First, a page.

In the last 9 months or so, if you think about smart people making dumb decisions, we have seen some beauties. Let’s take a look at a few.
When J.C. Penny hired as CEO the architect and implementer of the Apple stores, and he quickly announced the end of discount-after-discount marketing, people thought the technology-marketing genius was surely the savior. Now, with the stock price off 55% since those decisions, and revenue down many billions versus year ago, he has had to quickly put those changes aside and go back to a heavy discount-oriented plan.
When the Hostess Brands CEO initiated a companywide pay cut of about 8%, he decided he didn’t need that pay cut and continued to collect his $125,000 a month salary. As one business publication put it,” he showed a remarkably tin ear to public and employee perception in the face of an eminent Hostess bankruptcy.”
Two memorable events took place for Apple in September, 2012. First, on Sept. 17, the stock price hit $700 per share. Second, the company launched its long-awaited Apple Maps. Disaster quickly hit, since the maps gave terrible directions and ignored key landmarks. The screw-up was so serious that the CEO had to write an apology letter to customers.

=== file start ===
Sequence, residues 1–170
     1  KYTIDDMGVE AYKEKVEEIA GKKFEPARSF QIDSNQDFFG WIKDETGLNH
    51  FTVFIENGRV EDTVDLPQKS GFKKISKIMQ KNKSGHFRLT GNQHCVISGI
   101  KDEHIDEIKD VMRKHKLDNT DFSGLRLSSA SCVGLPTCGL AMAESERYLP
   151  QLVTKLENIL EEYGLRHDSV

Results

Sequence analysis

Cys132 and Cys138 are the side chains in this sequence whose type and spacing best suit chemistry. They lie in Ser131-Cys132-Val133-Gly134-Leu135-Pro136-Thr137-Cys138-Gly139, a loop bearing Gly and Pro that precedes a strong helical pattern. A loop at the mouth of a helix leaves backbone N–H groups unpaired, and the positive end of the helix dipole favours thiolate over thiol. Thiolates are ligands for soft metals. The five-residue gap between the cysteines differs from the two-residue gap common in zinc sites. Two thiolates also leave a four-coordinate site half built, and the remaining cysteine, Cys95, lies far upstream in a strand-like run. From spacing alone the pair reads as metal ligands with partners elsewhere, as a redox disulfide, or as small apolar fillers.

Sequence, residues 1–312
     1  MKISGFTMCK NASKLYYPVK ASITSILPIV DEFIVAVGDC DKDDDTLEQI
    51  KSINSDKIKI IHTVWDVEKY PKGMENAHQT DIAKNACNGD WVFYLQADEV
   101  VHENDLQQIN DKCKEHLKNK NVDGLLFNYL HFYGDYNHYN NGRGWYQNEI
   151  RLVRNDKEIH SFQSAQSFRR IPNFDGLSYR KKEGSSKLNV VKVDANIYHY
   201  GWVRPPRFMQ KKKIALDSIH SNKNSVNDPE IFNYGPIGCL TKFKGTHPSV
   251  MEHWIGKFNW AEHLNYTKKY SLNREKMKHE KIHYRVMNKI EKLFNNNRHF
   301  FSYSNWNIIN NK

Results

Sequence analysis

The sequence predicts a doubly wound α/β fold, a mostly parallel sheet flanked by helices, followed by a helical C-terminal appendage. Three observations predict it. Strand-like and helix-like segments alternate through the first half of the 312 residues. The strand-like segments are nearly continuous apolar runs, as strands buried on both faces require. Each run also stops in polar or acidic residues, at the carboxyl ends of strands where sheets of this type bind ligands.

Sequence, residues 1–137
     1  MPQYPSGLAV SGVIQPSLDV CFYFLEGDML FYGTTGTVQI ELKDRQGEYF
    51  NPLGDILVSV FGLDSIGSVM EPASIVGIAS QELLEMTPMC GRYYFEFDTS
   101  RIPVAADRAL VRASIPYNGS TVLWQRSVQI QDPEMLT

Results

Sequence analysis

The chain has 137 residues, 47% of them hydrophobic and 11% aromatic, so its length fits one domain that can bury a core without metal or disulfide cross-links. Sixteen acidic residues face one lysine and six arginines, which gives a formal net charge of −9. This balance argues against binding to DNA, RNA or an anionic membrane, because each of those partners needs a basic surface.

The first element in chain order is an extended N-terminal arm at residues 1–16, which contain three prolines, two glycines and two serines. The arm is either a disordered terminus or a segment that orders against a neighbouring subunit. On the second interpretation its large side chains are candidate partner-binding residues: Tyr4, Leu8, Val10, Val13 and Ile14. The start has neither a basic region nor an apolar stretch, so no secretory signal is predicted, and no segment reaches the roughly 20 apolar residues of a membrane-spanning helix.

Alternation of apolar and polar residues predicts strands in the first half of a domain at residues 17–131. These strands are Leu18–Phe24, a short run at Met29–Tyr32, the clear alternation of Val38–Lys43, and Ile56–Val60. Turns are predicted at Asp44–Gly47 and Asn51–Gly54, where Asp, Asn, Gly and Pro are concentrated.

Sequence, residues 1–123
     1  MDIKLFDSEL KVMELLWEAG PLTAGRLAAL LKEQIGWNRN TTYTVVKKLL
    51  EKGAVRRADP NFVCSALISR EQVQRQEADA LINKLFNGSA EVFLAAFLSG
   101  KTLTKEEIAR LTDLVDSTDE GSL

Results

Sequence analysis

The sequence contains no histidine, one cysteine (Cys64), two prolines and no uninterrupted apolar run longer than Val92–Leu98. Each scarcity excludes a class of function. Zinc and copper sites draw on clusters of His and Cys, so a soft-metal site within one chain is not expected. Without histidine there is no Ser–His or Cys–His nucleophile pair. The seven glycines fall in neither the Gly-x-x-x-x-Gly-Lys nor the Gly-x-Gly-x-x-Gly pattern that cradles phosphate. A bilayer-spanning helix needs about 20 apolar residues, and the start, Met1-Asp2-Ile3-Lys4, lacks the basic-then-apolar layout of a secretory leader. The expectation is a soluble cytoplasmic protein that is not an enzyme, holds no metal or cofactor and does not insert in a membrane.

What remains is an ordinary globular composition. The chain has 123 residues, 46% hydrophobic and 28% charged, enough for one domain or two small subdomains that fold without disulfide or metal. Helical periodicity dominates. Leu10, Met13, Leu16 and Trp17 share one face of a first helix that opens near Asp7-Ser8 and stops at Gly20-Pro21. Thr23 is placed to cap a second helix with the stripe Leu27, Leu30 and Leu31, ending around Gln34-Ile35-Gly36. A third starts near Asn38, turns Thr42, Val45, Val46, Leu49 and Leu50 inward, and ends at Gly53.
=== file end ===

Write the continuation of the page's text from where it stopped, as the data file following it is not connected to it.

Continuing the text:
We are not talking about stupid people here. These are seasoned business veterans who have proven over the years that they are very talented. So why do they, on certain occasions, do really dumb things? Here are a few reasons that I believe are operative here:
1.) Overconfidence Trumps Paranoia: Andy Grove gave the business world the best advice I believe it has ever received: namely, only the paranoid survive. No matter how many business wins you have achieved, you still need to probe all possibilities and take action to guard against negative scenarios.
2.) Believing You Are Smarter: People get seduced by success and actually begin to believe they are better than they are, and that they are superior to others. The litany of ousted leaders is full of examples of big egos that ignored the input of others.
3.) Forgetting About Your “Customers”: A leader of an organization can have many constituents that can be considered as customers: the employees in the organization, people who use the organization’s output (internal and external), suppliers, shareholders, etc. All decisions need to be evaluated from all of these perspectives.
In summary, don’t let anything impact your ability to think clearly, be thorough and use common sense.